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Thus he saw in a new light all his surroundings and his own conduct. But life went on in the same way, and his new relation to it inevitably led to a series of collisions. Such collisions he could not avoid, even in his own family life, till then happy and tranquil, nor among his literary friends and his acquaintances in the high society to which he himself belonged. Finally, the conflict between his new conceptions and his surroundings extended itself to the State.

The events of Russian life at that period require special attention. The fundamental breaking up of the old order had begun, and the first thunderbolt fell on March 13th, 1881. The Revolutionary Executive Committee condemned Alexander II. to death, and carried out the sentence. This event shook the whole Russian nation, and made a deep impression on Tolstoy. It appeared to him as a confirmation of his conviction that the Russian State and society had lost the very foundation of Christian morality, but, on the other hand, the two hostile camps awakened in him boundless pity as he saw their profound error.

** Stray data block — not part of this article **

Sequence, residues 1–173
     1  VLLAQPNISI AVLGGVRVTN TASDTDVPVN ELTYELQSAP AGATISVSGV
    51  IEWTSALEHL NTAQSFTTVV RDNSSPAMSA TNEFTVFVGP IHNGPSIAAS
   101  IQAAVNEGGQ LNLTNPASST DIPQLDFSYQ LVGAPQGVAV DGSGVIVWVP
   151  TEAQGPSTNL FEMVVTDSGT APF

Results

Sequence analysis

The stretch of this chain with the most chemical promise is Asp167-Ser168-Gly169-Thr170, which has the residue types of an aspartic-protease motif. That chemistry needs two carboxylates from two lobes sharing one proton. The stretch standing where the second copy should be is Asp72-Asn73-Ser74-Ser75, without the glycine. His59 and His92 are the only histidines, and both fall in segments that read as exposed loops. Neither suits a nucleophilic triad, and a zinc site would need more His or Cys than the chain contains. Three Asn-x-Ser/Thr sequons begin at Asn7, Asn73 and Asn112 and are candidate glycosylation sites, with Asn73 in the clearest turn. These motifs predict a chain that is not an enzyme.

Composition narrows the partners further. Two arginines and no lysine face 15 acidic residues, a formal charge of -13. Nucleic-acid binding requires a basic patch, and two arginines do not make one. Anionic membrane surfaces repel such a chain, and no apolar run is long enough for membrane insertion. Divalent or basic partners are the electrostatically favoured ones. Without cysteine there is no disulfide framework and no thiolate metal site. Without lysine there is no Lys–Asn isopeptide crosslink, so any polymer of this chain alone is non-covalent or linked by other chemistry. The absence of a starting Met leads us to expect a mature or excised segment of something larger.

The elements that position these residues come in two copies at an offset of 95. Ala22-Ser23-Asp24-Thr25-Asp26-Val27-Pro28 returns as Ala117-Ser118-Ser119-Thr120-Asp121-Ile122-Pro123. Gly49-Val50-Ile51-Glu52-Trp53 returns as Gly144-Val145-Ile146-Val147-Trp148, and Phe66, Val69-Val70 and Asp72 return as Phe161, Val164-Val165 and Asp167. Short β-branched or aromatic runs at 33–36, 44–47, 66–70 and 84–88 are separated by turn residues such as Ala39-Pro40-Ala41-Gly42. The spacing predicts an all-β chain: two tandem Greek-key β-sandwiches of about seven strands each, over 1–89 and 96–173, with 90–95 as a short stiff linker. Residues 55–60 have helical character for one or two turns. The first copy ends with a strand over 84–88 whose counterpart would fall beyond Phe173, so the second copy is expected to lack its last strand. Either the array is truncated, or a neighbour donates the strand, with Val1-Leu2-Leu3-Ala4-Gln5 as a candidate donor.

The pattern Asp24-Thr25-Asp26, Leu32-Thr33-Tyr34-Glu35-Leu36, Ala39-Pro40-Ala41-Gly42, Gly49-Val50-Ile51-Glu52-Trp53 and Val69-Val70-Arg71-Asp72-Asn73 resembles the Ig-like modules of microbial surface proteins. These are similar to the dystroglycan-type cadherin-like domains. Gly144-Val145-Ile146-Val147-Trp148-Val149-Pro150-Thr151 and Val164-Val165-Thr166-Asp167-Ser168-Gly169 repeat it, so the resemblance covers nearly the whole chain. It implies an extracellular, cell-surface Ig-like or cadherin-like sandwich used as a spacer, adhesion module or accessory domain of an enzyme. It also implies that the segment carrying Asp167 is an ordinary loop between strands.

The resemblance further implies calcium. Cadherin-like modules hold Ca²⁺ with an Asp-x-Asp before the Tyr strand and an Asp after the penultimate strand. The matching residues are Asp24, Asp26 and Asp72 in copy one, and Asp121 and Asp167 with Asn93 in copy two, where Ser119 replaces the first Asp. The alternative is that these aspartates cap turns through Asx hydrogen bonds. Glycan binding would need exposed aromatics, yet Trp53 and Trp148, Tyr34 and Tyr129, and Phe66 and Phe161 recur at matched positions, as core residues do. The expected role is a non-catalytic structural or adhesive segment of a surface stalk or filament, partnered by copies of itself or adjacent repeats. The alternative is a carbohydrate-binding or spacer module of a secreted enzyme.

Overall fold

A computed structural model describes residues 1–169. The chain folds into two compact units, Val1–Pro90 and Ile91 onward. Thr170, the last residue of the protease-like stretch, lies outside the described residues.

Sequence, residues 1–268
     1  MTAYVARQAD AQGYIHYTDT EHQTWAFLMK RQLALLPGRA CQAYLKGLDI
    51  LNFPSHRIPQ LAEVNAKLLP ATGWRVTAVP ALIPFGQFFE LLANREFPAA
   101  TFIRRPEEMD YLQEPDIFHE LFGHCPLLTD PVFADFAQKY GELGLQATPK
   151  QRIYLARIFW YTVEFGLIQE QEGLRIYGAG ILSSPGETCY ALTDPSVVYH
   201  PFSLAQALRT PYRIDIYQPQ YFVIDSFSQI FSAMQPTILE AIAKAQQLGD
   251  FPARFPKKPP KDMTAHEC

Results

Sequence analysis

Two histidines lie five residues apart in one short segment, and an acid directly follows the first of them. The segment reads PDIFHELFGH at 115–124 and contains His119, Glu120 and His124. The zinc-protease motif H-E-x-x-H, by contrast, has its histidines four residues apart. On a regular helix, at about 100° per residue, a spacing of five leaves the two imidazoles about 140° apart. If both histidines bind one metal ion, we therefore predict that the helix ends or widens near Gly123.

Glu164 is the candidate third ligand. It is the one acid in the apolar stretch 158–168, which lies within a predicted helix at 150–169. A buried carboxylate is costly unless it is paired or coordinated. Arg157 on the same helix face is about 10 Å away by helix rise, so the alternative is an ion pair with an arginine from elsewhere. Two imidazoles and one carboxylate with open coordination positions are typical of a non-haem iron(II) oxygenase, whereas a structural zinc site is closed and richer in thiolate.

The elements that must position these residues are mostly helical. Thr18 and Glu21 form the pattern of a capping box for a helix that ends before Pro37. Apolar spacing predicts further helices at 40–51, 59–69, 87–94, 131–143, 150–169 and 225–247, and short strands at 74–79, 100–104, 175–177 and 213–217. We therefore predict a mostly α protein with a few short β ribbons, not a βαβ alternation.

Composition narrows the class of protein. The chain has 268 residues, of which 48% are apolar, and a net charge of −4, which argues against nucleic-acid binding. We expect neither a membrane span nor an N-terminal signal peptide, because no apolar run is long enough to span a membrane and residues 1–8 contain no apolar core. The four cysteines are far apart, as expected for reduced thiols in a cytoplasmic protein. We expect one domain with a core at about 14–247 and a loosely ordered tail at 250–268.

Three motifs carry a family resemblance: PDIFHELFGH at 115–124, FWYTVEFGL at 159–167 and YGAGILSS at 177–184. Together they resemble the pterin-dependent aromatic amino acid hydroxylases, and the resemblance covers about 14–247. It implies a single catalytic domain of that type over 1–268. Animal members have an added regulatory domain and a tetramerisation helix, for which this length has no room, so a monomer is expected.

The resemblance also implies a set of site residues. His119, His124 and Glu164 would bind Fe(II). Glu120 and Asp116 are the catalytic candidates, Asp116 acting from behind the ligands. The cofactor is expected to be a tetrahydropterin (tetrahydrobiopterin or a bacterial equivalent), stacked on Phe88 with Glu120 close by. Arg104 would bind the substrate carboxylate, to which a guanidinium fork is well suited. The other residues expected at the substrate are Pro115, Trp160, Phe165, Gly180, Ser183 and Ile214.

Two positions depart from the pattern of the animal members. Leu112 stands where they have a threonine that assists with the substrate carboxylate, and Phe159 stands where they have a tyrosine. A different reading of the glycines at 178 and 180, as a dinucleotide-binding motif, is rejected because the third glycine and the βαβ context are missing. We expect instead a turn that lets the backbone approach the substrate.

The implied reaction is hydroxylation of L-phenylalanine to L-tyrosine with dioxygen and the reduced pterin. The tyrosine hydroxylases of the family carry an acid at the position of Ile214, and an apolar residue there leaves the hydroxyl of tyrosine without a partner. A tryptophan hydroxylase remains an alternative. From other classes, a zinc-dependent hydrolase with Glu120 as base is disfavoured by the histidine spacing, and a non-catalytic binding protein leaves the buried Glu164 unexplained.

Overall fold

He addressed a long letter to the Emperor, Alexander III. He pleaded to the Tsar to pardon the culprits for the sake of Christ's teaching, as he considered the only way of Russia's salvation lay